And there is no hierarchy of professions. There is no secular vs. sacred. What's the work you're doing that's most important to God? All of it. Mopping floors and cleaning toilets counts just as much as practicing mergers and acquisitions law! No work is too lowly to be used to glorify God. The early church embraced all forms of work as sacred. Paul did not call everyone to become a traveling missionary. He affirmed everyone in the place they already were, and his invitation in 2 Corinthians 5 and 6 is to then live like the new creations they are, in those places. But in the 4th century, roughly, the church got away from that, and the only true "vocation" became the "call" to church work. This was a distortion based on a Greek understanding of contemplative work (vita contemplativa) being more valuable than secular work.

For nearly 1,000 years, the church camped on the idea that the ordinary citizen was living a lower life than the clergy. Then there was a healthy reversion back to an integrated approach during reformation and renaissance. Yet in the 19th century, the protestant church went back to separating the secular from the sacred, this time with emphasis on salvation and in the high calling of missionaries. As one person recently put it at the 2014 Faith and Work Summit, the evangelical default of mission at that time, which is in large part still carried forward today, is "to recruit God’s people to use some of their leisure time for missionary efforts led by church staff." Work became a means to an end: to save souls. Work was good for acting ethically, demonstrating excellence, and having opportunities to evangelize (share the gospel in word). Now we are realizing that Evangelicalism has missed something. Those things are true and good, but they're incomplete. Work has meaning and significance in and of itself, it's not just a means to an end!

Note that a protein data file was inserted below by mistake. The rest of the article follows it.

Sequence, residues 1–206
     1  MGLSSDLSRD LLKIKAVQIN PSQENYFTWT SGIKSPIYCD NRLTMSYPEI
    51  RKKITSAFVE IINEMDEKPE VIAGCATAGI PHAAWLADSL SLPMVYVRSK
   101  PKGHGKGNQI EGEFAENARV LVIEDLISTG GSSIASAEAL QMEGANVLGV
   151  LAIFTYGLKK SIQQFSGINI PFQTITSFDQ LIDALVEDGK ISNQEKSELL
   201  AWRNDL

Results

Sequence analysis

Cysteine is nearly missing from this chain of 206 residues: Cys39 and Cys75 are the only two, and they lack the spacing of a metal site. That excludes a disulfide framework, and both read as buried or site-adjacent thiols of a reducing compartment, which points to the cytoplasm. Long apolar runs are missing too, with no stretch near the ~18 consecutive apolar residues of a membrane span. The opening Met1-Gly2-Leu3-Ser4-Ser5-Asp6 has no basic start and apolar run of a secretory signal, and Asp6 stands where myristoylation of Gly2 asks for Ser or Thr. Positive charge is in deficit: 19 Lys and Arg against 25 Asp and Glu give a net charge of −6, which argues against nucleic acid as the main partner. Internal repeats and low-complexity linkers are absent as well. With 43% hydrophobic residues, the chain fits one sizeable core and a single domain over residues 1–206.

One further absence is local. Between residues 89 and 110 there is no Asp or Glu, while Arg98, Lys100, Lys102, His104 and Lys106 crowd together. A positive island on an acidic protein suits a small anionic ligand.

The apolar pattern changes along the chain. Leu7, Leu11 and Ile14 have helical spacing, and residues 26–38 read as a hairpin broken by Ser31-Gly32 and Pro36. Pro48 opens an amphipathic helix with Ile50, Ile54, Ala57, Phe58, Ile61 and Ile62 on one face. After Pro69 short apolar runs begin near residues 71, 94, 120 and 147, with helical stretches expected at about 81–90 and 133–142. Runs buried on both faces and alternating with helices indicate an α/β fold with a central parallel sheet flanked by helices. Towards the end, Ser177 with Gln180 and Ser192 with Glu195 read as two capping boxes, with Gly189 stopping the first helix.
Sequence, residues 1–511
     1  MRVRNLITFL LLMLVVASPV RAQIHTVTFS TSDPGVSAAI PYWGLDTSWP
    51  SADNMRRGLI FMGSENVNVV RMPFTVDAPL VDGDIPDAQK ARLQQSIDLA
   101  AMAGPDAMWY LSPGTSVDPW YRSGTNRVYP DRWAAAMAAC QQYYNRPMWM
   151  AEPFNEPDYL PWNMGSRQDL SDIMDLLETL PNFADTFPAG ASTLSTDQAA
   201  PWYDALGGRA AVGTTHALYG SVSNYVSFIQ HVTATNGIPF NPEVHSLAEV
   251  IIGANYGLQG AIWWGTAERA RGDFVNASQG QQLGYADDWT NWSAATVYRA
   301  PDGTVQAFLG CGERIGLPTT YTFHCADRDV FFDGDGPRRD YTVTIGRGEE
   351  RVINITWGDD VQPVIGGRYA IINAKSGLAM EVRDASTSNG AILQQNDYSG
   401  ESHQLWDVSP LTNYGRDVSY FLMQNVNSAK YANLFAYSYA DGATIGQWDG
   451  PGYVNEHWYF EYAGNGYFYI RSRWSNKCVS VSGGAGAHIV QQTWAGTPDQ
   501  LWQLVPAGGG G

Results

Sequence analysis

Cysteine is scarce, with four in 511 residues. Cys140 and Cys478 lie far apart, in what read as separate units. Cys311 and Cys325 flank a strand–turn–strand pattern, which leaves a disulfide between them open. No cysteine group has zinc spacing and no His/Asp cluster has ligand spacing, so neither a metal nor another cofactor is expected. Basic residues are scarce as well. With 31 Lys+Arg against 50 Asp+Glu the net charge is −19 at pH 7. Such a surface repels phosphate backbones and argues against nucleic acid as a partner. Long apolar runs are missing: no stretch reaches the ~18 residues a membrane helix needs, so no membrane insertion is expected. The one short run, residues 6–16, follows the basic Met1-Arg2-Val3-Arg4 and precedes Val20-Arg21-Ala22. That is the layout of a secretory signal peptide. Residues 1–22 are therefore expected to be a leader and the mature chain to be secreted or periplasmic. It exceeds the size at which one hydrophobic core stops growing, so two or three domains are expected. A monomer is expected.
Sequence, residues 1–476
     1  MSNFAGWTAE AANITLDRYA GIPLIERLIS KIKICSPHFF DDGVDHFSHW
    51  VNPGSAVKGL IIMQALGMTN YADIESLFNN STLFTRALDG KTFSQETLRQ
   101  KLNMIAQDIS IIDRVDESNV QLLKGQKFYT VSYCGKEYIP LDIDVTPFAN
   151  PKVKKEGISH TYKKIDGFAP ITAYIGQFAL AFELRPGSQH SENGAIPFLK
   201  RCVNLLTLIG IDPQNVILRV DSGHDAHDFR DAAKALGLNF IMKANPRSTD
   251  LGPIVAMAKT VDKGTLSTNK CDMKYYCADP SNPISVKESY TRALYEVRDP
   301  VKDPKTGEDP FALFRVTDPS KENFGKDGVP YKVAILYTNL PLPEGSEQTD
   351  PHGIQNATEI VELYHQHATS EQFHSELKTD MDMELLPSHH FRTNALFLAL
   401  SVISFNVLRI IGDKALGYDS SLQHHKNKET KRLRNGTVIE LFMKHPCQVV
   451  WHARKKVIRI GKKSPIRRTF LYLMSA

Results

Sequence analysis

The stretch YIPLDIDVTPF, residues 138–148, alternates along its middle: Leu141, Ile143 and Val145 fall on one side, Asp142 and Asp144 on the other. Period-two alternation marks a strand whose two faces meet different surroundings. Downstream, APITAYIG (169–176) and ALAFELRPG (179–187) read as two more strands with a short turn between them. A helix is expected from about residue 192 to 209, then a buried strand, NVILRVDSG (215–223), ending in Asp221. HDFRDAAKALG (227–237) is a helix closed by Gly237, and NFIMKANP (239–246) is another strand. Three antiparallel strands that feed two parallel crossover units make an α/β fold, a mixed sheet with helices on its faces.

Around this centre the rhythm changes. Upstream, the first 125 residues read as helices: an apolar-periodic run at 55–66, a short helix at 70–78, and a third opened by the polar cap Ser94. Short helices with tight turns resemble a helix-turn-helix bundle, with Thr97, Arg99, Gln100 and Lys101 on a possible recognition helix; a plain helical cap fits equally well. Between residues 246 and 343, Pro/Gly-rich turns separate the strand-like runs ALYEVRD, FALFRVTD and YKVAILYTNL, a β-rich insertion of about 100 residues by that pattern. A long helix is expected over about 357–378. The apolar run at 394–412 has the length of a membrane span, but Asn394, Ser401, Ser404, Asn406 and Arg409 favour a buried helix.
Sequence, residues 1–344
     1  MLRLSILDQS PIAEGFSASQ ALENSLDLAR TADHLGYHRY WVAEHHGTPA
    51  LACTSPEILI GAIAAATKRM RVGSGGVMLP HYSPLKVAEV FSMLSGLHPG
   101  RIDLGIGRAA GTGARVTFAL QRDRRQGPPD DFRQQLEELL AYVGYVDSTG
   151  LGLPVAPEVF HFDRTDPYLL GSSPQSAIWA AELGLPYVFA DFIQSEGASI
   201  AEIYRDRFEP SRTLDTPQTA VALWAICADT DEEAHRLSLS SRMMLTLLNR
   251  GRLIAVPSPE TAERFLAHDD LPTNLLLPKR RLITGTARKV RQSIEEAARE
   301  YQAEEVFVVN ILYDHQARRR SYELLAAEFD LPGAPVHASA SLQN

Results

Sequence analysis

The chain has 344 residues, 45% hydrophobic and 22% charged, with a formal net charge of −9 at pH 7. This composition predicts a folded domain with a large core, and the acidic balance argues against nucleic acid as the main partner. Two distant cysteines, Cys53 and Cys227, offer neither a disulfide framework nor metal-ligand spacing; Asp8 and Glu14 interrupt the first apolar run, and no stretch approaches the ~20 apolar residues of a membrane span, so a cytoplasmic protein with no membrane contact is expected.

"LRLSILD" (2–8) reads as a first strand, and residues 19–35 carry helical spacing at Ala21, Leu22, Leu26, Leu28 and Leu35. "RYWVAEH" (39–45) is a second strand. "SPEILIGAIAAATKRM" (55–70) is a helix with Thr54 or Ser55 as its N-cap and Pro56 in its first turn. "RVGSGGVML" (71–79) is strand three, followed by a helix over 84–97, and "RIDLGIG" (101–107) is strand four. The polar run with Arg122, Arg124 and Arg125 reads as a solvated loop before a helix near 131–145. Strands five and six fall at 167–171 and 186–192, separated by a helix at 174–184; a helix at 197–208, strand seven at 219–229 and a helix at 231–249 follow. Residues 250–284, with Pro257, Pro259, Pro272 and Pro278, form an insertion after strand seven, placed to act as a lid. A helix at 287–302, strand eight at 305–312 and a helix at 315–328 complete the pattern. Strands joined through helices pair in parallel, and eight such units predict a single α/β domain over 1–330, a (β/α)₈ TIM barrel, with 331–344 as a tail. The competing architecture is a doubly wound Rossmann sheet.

So everyone's ultimate vocation - regardless of whether we think of it as work, or not - is stewarding everything God has entrusted to us, to prepare it for his return. He asks us to make His kingdom and His estate grow with whatever we're doing. In other words, "Heavenize the earth with what I've given you! Earn a heavenly return with what you have on earth. Store up treasures in heaven - that is, those that last eternally - even while you're still here." And those who are faithful, are given more opportunities (often, they are the same opportunities others have let pass by).

Ultimately, the Christian vision for heaven is a return to perfect work as worship in community. The quiet Garden of Eden transforms into the bustling Garden City of God. There, in the most advanced civilization we've ever dreamed of, there will be vast infrastructure, requiring complex systems and highly specialized laborers of every kind. And each will enjoy the fruits of everyone else’s labor, with all glory to God.


Dan Kaskubar

Dan Kaskubar is the pastor of Business and Mission at Hope Community Church in Denver.